Balázs Orbán, state secretary at the Prime Minister’s Office, attended a commemoration at Siculeni (Madéfalva), in central Romania, marking the anniversary of a massacre in which hundreds of Szekler Hungarians were slain by Austrian troops 255 years ago. In his address, held at a monument recently renewed with Hungarian assistance, the state secretary said that “no empire should consider Hungarians as second-rate citizens”, and he assured ethnic Hungarians across the Carpathian Basin of his government’s support. Every country, the official said, should “respect a balance of rights and obligations achieved through negotiations” and “observe written agreements”. “Once an empire — whether Vienna 255 years ago, Bucharest for the Szeklers nowadays, or sometimes Brussels for all of us — disrespects those [agreements], resistance is considered legitimate under the ancient fundaments of law,” he added. Hungary “now has a government which has learnt the lessons of history and will promote the interests of Hungarians in the Carpathian Basin through sober compromises, strong representation and perseverance rather than through militant ranting,” the state secretary said.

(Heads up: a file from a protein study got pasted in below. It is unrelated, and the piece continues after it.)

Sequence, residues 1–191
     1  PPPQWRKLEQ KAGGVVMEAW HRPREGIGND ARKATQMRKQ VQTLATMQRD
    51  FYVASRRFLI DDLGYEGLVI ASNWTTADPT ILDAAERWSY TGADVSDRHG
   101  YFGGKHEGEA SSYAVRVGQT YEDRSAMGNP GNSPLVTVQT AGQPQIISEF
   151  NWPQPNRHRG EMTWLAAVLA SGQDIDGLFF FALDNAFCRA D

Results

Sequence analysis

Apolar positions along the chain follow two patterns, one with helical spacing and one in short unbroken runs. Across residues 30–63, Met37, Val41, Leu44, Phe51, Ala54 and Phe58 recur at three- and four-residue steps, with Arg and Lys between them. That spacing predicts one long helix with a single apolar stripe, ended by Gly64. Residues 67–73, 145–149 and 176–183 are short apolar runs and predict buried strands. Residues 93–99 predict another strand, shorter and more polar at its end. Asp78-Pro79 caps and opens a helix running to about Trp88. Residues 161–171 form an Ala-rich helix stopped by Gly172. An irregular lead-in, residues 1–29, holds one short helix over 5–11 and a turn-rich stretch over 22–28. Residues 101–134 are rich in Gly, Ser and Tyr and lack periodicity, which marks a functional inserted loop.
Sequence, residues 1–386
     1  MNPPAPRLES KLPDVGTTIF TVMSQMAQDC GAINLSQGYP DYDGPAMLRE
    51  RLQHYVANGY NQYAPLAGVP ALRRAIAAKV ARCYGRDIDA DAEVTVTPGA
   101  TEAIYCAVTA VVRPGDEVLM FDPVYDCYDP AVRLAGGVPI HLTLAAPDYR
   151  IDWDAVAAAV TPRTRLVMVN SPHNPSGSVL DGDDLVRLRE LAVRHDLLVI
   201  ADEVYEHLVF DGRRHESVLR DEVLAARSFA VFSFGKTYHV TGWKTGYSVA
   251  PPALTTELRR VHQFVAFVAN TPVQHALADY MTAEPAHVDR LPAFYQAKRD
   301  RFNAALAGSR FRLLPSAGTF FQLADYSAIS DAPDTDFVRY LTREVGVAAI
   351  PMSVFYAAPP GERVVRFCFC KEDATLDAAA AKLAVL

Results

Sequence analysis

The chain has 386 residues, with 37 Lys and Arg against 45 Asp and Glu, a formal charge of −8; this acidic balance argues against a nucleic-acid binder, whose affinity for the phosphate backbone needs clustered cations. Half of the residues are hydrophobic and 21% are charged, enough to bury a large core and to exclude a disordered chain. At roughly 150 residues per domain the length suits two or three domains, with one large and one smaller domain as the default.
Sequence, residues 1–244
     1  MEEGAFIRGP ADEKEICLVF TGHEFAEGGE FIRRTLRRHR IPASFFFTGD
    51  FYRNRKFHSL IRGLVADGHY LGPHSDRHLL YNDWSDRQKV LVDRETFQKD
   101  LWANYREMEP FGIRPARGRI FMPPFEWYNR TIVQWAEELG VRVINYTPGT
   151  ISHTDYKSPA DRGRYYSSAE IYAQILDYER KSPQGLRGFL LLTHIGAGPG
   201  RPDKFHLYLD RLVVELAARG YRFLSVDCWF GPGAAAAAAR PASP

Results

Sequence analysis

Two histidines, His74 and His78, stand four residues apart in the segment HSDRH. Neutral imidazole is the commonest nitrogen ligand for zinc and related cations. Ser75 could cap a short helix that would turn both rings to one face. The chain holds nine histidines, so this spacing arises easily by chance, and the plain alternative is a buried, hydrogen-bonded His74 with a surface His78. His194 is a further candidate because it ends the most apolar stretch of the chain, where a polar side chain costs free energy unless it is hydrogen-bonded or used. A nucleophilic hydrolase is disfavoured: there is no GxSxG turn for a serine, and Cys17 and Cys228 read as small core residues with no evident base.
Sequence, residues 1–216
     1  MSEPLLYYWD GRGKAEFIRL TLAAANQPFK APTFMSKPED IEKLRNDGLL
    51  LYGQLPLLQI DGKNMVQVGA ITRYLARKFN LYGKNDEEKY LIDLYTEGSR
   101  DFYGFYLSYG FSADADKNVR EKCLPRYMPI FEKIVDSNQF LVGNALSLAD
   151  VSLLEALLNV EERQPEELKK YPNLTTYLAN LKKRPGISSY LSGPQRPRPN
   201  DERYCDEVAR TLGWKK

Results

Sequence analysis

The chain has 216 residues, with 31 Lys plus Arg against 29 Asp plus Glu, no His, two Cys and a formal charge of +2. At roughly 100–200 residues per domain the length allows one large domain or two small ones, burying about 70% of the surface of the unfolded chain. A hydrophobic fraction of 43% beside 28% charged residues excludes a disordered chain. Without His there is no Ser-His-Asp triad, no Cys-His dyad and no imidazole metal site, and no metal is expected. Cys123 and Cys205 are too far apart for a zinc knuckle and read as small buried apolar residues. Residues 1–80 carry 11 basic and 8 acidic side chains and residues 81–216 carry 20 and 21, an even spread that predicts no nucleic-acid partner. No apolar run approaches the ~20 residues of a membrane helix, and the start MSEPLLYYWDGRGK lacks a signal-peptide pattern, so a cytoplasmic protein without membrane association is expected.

On January 7, 1765, the troops of Maria Theresa, Empress of Austria and Queen of Hungary, retaliated a protest by some 2,500 Szeklers who refused to serve in the Austrian army under command in German.